When the bank teller receives the two checks from the bank customer, the bank teller scans each check to capture a grayscale image of each check (step 104). The bank teller also scans the deposit slip to capture a grayscale image of the deposit slip. Scanners for capturing item images at a bank teller station co-operate with the teller station processor 12 (FIG. 1), and are conventional and, therefore, will not be described. The captured item images are transmitted to a back office facility of the bank for further processing.

The bank teller continues to process the check deposit transaction by using the facilities of the teller station processor 12 (step 106). The processor 12 prepares a transaction receipt to be provided to the bank customer by the bank teller (step 108). An example transaction receipt is shown in FIG. 3, and is identified with reference numeral 50.

The transaction receipt 50 shown in FIG. 3 includes transaction information specific to this check depositing transaction. Transaction information specific to this check depositing transaction includes the name on the account to which the deposits have been made, the number of the account to which the deposits have been made, the transaction date on which the deposits have been made, the amount of the transaction, the type of transaction (a deposit transaction in this case), the number of items deposited (two in this case), and the identification number of the bank teller handling the transaction.

The transaction receipt 50 also includes an image of each of the two checks which have been presented by the bank customer for deposit, scanned in by the bank teller, and deposited into the account. These images are shown under the category heading “ITEMS DEPOSITED”. The transaction receipt 50 further includes an image of the original deposit slip which has been scanned by the bank teller. This image is shown under the category heading “ORIGINAL DEPOSIT SLIP”. After the transaction receipt 50 has been prepared, the transaction receipt is printed and provided to the bank customer.

Referring to FIG. 4, a flowchart 200 depicts steps involved in logging of the transaction receipt 50 of FIG. 3 by the transaction receipt logger 14 shown in FIG. 1. The logger 14 is a processor which monitors signals from the teller station processor 12. More specifically, the logger 14 monitors the teller station processor 12 for an occurrence of a transaction receipt being printed (step 202). Upon detection of a signal indicative of a transaction receipt being printed by teller station processor 12, the logger 14 is triggered to store a data file which is representative of a copy of the transaction receipt in the storage unit 16 (step 204). The copy of the transaction receipt stored in the storage unit 16 is substantially the same as the copy of the transaction receipt which was provided to the bank customer.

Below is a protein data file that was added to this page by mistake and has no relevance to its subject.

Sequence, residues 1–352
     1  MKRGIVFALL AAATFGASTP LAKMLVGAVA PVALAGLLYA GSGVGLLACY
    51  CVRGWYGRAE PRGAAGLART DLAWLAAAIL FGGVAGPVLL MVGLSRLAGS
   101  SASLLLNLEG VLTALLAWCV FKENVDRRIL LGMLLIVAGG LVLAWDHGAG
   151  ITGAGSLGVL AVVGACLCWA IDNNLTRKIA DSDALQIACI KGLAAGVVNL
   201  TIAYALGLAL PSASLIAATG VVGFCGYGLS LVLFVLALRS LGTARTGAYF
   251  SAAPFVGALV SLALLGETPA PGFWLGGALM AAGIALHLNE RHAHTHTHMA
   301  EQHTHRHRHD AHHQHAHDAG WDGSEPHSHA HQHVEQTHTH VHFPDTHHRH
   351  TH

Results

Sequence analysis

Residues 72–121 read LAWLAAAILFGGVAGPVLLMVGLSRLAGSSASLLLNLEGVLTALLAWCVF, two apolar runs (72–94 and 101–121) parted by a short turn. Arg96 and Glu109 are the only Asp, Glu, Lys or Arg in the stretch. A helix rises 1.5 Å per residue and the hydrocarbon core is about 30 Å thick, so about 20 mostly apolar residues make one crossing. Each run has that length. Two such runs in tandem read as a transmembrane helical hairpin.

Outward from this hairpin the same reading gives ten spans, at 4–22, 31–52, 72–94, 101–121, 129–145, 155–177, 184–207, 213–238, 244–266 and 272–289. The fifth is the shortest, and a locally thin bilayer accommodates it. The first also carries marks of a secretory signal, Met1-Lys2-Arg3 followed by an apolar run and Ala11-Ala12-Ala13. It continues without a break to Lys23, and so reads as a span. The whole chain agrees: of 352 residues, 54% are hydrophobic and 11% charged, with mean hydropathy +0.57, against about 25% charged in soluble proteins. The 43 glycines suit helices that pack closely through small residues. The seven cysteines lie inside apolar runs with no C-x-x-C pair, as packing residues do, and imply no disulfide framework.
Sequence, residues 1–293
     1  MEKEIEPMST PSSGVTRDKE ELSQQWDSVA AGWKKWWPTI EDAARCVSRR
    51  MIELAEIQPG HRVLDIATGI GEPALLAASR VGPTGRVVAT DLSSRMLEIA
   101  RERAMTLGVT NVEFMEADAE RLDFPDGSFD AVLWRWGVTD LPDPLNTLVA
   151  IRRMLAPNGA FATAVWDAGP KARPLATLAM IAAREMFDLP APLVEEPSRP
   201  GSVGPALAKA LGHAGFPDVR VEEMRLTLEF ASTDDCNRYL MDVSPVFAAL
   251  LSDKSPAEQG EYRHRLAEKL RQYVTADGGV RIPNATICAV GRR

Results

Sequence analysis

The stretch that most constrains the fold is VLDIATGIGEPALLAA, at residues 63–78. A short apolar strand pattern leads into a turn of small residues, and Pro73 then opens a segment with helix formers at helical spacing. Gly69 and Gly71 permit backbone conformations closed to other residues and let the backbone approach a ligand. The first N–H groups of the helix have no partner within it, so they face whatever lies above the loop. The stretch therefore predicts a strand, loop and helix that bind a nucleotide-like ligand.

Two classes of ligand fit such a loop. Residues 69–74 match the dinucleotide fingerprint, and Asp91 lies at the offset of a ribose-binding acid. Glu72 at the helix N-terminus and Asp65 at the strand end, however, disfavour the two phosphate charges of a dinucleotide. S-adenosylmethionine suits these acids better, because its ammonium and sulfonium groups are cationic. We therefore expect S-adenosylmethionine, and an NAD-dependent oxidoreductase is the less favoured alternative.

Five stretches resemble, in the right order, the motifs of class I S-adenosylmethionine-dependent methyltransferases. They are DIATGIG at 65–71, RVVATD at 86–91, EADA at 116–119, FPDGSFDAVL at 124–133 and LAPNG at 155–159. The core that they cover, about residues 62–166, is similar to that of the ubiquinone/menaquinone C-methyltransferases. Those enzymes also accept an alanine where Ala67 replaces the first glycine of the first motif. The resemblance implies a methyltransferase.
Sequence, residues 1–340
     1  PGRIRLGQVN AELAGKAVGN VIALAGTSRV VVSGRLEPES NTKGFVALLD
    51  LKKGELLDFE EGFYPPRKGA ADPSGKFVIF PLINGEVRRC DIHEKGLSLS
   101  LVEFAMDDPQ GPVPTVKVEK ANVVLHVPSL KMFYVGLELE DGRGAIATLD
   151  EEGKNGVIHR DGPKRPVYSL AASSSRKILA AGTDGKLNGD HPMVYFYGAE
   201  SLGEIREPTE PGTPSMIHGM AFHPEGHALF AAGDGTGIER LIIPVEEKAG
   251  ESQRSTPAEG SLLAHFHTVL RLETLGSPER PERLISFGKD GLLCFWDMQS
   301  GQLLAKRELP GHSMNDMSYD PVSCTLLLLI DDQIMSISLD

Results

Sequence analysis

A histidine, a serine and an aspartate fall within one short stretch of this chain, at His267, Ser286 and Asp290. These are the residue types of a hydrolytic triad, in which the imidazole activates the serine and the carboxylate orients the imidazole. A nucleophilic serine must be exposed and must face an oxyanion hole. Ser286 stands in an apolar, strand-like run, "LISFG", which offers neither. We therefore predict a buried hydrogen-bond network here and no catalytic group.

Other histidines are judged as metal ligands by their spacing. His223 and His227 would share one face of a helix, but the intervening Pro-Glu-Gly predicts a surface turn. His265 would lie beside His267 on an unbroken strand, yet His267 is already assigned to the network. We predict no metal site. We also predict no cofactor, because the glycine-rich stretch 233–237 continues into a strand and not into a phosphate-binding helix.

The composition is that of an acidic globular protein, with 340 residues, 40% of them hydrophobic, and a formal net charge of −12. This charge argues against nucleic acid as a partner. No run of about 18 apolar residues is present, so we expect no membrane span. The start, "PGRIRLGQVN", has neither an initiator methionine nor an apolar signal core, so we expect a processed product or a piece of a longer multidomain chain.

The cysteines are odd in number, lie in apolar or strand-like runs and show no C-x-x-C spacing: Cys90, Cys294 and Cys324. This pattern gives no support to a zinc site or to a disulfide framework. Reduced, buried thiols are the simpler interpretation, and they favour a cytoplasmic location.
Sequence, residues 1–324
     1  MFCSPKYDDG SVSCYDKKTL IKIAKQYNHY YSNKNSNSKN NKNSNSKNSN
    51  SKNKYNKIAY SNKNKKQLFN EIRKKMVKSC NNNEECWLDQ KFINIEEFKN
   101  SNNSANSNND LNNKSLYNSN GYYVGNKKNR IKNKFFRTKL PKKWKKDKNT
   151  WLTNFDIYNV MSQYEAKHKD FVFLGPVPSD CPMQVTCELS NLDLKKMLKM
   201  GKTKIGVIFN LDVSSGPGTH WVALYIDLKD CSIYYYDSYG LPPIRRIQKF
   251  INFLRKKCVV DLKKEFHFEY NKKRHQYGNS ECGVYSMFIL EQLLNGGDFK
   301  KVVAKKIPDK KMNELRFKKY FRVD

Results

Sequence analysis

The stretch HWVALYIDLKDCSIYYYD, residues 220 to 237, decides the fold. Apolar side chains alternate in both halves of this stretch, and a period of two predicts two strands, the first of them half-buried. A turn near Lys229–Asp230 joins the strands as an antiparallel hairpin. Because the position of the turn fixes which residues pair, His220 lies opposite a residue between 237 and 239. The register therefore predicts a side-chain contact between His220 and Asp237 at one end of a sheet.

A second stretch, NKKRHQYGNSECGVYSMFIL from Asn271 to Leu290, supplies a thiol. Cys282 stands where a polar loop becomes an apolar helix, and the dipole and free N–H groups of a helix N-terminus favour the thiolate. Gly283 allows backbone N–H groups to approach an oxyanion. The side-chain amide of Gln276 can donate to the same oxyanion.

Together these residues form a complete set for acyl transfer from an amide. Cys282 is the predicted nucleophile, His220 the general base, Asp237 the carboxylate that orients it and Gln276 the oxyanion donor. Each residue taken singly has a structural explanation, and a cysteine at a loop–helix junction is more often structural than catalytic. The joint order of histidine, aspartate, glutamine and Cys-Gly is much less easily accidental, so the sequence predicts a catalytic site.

After the transaction receipt is stored in the storage unit 16, the stored transaction receipt is indexed (step 206). The stored transaction receipt is indexed so that this stored transaction receipt can be located when a query is made on the storage unit 16 via the transaction receipt viewer 18 (FIG. 1). Such a query may be made by bank personnel, for example, who need to have the details of the particular check depositing transaction.

It should be noted that the check depositing transaction which resulted in the transaction receipt 50 of FIG. 3 was a transaction in which no modifications were made during the transaction. In the transaction receipt 50 of FIG. 3, the amounts of the checks presented by the bank customer match the amounts of the checks as listed on the deposit slip.

An example of a check depositing transaction in which a modification has been made during the transaction is one in which one of the checks originally intended for deposit has been returned to the bank customer and not deposited. For example, assume that the bank customer decided during the transaction to take back the one check that is in the amount of $67.89 and not deposit this check. Given this assumption, the bank teller would have returned this particular check to the bank customer, and may have modified the deposit slip by crossing out this item on the deposit slip. This modified transaction would result in a “modified” transaction receipt 60 such as shown in FIG. 5.

The transaction receipt 60 FIG. 5 includes transaction information similar to the transaction receipt 50 of FIG. 3. In the transaction receipt 60 of FIG. 5, all of the transaction information is the same except for (i) the transaction amount which is now $123.45 instead of $191.34 since the check in the amount of $67.89 has been removed from the transaction, and (ii) the number of items deposited which is now “one” instead of “two”. The transaction receipt 60 of FIG. 5 includes an image of the check which was deposited (i.e., the check in the amount of $123.45), and is shown under the category heading “ITEMS DEPOSITED”. The transaction receipt 60 also includes an image of the check which was removed during the transaction (i.e., the check in the amount of $67.89), and is shown under the category heading “ITEMS RETURNED TO CUSTOMER”. The transaction receipt 60 further includes an image of the original deposit slip which was scanned by the bank teller, and is shown under the category heading “ORIGINAL DEPOSIT SLIP”. The transaction receipt 60 further includes an image of the original deposit slip which was modified by the bank teller and subsequently scanned by the bank teller, and is shown under the category heading “MODIFIED DEPOSIT SLIP”.